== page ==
-----Original Message----- From: blindcooltech-bounce@xxxxxxxxxxxxx [mailto:blindcooltech-bounce@xxxxxxxxxxxxx] On Behalf Of Vince Thacker Sent: Friday, February 24, 2006 12:41 PM To: blindcooltech@xxxxxxxxxxxxx Subject: [bct] Re: FW: Introducing DbDialog: a free, accessible database manager


Neal,

I have to admit accessibility is a darned complicated theing, as I know
from
trying to create accessible web pages and failing miserably sometimes.
People with visual stress, dyslexics, those with limited movement and
deaf
people all present different needs too, so it's no wonder things aren't
quite perfect yet!

Vnice.
----- Original Message ----- From: "Neal Ewers" <neal.ewers@xxxxxxxxxxxxxx>
To: <blindcooltech@xxxxxxxxxxxxx>
Sent: Friday, February 24, 2006 4:32 PM
Subject: [bct] Re: FW: Introducing DbDialog: a free, accessible database


manager


Vince, you say, "When I run it I don't see any scaleable fonts, any
color contrasts."

Thank you for pointing out that many people who may be on this list
may have some limited vision.  We often get so rapped up in speech and

braille that we forget about those who need color contrast, large
text, etc.  Thanks for keeping us on our toes.

Neal


-----Original Message----- From: blindcooltech-bounce@xxxxxxxxxxxxx [mailto:blindcooltech-bounce@xxxxxxxxxxxxx] On Behalf Of Vince Thacker Sent: Friday, February 24, 2006 9:52 AM To: blindcooltech@xxxxxxxxxxxxx Subject: [bct] Re: FW: Introducing DbDialog: a free, accessible database manager


I've had a quick look at this and have to ask my usual question, "What

do you mean by accessible?"

When I run it I don't see any scaleable fonts, any colour contrasts or

even a single Tooltip.  Every time I press anything I get an error
message that
is basically a line of code with ifs and thens.

Very ppor job in my opinion.
Vince.
----- Original Message -----
From: "Jamie Pauls" <jamiepauls@xxxxxxxxxxxxx>
To: <accesscomp@xxxxxxxxxxxxxxx>; <blindcooltech@xxxxxxxxxxxxx>
Sent: Thursday, February 23, 2006 11:35 PM
Subject: [bct] FW: Introducing DbDialog: a free, accessible database
manager




-----Original Message-----
From: blindtech@xxxxxxxxxxxxxxx [mailto:blindtech@xxxxxxxxxxxxxxx] On

Behalf Of Jamal Mazrui
Sent: Thursday, February 23, 2006 2:40 PM
To: blindtech@xxxxxxxxxxxxxxx
Subject: Introducing DbDialog: a free, accessible database manager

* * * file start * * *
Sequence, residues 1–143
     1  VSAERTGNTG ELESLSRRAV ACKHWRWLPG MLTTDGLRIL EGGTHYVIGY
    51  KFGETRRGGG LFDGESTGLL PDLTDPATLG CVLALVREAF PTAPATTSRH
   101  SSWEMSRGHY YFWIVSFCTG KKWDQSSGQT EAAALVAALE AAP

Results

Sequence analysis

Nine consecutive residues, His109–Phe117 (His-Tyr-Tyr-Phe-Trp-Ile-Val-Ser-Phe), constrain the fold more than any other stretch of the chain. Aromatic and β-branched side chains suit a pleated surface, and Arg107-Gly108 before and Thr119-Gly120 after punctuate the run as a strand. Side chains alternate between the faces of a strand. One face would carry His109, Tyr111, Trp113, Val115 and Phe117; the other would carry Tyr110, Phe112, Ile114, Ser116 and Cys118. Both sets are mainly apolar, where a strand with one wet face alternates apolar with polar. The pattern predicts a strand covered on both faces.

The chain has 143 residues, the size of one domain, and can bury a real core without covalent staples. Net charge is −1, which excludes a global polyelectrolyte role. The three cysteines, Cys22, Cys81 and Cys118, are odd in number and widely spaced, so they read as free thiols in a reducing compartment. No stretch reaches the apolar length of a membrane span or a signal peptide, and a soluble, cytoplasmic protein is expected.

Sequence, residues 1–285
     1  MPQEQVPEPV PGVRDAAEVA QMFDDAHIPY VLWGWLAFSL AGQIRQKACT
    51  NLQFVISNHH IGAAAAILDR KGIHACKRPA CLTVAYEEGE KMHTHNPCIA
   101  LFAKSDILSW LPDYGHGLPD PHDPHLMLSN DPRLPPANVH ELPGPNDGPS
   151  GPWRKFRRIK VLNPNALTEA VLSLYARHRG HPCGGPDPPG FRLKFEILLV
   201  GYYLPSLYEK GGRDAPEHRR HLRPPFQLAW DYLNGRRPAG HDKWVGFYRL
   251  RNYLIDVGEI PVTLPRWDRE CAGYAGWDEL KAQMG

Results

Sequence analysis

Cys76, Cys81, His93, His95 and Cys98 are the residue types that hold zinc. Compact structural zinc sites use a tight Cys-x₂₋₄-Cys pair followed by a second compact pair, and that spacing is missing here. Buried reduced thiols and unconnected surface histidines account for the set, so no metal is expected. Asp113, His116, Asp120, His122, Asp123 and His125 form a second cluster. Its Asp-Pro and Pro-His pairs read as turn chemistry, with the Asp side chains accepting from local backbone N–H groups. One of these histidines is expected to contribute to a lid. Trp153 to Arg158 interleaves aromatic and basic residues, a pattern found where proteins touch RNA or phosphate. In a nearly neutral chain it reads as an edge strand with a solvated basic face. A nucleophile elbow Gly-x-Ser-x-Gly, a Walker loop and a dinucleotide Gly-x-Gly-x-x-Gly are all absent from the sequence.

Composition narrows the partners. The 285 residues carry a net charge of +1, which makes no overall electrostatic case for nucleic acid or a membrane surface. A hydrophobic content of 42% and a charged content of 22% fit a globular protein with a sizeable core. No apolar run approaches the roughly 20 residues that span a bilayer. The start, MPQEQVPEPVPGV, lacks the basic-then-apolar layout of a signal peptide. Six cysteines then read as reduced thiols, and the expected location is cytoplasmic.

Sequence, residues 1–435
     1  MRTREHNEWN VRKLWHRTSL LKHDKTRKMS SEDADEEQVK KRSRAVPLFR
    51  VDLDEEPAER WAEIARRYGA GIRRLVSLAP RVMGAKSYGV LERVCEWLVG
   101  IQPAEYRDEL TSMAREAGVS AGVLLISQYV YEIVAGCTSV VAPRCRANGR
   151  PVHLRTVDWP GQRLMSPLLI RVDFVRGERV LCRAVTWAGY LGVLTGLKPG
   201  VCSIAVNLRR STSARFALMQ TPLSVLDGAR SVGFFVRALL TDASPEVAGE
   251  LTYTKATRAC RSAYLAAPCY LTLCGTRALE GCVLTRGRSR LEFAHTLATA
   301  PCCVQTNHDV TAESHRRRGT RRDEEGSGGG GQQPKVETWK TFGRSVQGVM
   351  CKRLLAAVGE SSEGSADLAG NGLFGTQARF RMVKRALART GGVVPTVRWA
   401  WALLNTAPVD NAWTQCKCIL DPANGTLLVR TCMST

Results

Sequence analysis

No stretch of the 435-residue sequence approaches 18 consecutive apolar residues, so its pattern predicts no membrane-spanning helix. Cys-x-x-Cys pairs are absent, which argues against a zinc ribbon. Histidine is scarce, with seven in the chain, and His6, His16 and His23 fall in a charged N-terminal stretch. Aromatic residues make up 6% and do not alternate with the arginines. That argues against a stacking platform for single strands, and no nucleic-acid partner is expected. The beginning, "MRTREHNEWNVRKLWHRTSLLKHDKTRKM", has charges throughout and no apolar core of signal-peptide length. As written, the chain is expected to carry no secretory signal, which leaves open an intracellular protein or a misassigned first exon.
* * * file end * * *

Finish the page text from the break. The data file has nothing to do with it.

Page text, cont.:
Now available at
http://www.empowermentzone.com/dbdsetup.exe

Since developing database applications under DOS in the early 1990s,
I have had a goal of developing them under Windows.  Thus, I am
pleased to announce
DbDialog:  a free database manager.  It achieves a high level of both
functionality and accessibility by exploiting capabilities of
standard
Windows controls.

The program supports tables of records in Microsoft Access format.
Once a table is defined, records may be created, modified, browsed,
searched, and output in an efficient manner.  Initially, sample
tables

are defined for tracking contacts, events, and albums.  Complete
documentation is available in an HTML file with structured headings.

I welcome feedback and contributions toward the improvement of
DbDialog.

Regards,
Jamal


BlindTech is a service of MosenExplosion.com. To find out about the other e-mail lists we run, please visit us on the web at http://www.MosenExplosion.com Yahoo! Groups Links

<*> To visit your group on the web, go to:
   http://groups.yahoo.com/group/blindtech/

<*> To unsubscribe from this group, send an email to:
   blindtech-unsubscribe@xxxxxxxxxxxxxxx

<*> Your use of Yahoo! Groups is subject to:
   http://docs.yahoo.com/info/terms/









--
No virus found in this incoming message.
Checked by AVG Free Edition.
Version: 7.1.375 / Virus Database: 267.15.12/265 - Release Date:
2/20/2006









-- No virus found in this incoming message. Checked by AVG Free Edition. Version: 7.1.375 / Virus Database: 267.15.12/265 - Release Date:
2/20/2006









--
No virus found in this incoming message.
Checked by AVG Free Edition.
Version: 7.1.375 / Virus Database: 267.15.12/265 - Release Date: 2/20/2006










-- No virus found in this incoming message. Checked by AVG Free Edition. Version: 7.1.375 / Virus Database: 267.15.12/265 - Release Date: 2/20/2006





Other related posts: